From: Lawrence DeBivort (firstname.lastname@example.org)
Date: Tue 09 Sep 2003 - 05:32:53 GMT
Good example, thanks, Scott.
In the mid and late 70s, Technology Assessment (TA) was explored
aggressively by the National Science Foundation and other organizations. The
idea and hope was that by studying secondary and tertiary effects carefully,
one might avoid the pitfalls that seemed to plague well-meaning social
engineering. The Aswan Dam had been a salutatory example, one that Americans
could accept because it was a 'Soviet' project. It also became clear to
non-chauvinistic Americans that Americans too might make such social
engineering mistakes. Demonstration TA projects suggested that even with the
most thoughtful looks at effects, society was complex enough that predicting
the consequences of a social policy (or of a technology) was very difficult.
Complex models were developed, using the increasingly available computers,
to establish base-lines of societal variables, against which developmental
scenarios might be assayed and otherwise unidentifiable effects detected.
For example, EPA developed the massive SEAS model, which, as far as I know,
never rendered a practical result. (If anyone knows different, I would be
delighted to know it....) It was an Leontiev input-output model of the US
economy, showing material transfers among sectors, and included
waste/pollutants. Very ambitious, and a lot of hope was held out for it.
If anything, the degree of care that is brought to the consideration of
candidate public policies is worse than it used to be. TA seems now to be
given short shrift.
So I share your thoughts, Scott, on the need to proceed most cautiously and
thoughtfully, and with a lot of monitoring of effects, and a willingness to
modify the program. And in the light of current experience, as well as
past, I would add that the utmost transparency, accurate reporting, and
vigorous debate would be essential accompaniments to social policies and to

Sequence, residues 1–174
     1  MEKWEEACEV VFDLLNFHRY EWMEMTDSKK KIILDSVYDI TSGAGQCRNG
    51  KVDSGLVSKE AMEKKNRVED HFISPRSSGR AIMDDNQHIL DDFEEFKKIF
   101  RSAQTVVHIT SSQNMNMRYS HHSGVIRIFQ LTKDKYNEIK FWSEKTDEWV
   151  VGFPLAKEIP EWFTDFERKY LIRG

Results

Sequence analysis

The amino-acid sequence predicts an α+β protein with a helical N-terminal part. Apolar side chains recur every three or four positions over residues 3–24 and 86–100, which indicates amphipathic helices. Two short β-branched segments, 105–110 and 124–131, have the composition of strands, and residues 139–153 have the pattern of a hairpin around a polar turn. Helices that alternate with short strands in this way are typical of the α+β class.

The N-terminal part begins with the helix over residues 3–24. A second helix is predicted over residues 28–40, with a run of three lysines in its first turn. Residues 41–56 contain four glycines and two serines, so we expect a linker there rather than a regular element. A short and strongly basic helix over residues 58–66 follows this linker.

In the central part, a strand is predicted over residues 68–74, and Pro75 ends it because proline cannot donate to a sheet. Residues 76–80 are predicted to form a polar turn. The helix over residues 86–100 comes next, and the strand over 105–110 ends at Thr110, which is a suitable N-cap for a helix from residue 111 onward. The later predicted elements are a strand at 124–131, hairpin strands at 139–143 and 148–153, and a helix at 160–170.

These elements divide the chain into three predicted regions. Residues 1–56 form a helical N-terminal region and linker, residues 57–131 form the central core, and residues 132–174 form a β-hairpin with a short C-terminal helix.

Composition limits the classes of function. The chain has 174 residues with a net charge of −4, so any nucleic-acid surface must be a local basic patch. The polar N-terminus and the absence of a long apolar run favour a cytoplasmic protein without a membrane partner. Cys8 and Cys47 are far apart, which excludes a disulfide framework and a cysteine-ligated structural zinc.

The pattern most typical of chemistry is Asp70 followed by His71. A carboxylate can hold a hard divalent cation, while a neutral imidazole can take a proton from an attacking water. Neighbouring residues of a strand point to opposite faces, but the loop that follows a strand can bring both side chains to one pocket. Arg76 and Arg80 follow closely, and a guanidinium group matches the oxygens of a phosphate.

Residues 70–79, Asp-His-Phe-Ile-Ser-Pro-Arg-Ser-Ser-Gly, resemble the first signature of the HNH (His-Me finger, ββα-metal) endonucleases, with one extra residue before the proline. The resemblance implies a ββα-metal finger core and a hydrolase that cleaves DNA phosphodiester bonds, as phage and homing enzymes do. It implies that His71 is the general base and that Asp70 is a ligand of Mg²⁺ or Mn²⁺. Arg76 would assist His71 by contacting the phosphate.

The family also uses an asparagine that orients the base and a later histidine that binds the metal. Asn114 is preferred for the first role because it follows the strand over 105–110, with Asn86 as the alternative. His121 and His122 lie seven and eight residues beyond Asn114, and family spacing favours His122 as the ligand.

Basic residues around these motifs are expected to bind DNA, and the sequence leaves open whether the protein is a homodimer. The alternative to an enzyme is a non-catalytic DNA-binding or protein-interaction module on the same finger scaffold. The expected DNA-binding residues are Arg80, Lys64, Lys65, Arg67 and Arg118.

the deployment of new technology. And even with all of that, mistakes will
be made, and, sometimes, they will be big ones. But I don't see human beings
giving up on innovation and hope for progress.
> -----Original Message-----
> From: email@example.com [mailto:firstname.lastname@example.org]On Behalf
> Of Scott Chase
> Sent: Mon, September 08, 2003 11:50 PM
> To: email@example.com
> Subject: Norplant as social engineering device?
> I'm finishing up the first read of Patricia Turner's book _I Heard it
> Through the Grapevine: Rumor in African-American Culture_ (1993.
> of California Press. Berkeley) and in her Epilogue she touches
> upon a topic
> relevant to recent discussion wrt birth control as social policy for
> population control measures. After submitting a draft of her book Turner
> noticed the emergence (ca 1990) of rumors that usage of the birth control
> device Norplant was forced upon black women as a condition for receiving
> welfare benefits. Though a rumor she comments on there being a kernel of
> truth to it citing some suggestions in popular media that welfare
> mothers be
> encouraged via incentives (eg- $500 in money) to use Norplant.
> Turner says (page 222): (bq) "In all probability, the rumors that
> began to
> circulate about these devices [Norplant] were heavily influenced by media
> attention. Since policymakers *have* suggested that welfare
> mothers be urged
> to have the devices implanted, some might argue that this
> constitutes "real
> news" as opposed to "mere rumor"." (eq)
> Focusing more on the kernel of truth here that these suggestions
> have been
> entertained, though Turner points out the outcry citing critics including
> arch-conservative Cal Thomas casting this as a new form of
> eugenics, I urge
> caution about putting forward birth control measures (even
> voluntary ones)
> as a strategy for population control. Even a benign sounding idea
> to curtail
> population growth, a situation which putatively leads to people
> feeling the
> tears of privation and incubating xenophobic "memes", could have negative
> implications, even if unintended.
> Having choices available to individuals needing them is a noble
> cause, but
> when this becomes an exercise in social engineering, for instance
> if someone
> were to think that by encouraging certain people not to have children
> because their socioeconomic situation might breed a sense of privation
> leading to deleterious "memes", that's when we should be a little more
> cautious IMO.
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This was distributed via the memetics list associated with the
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For information about the journal and the list (e.g. unsubscribing)
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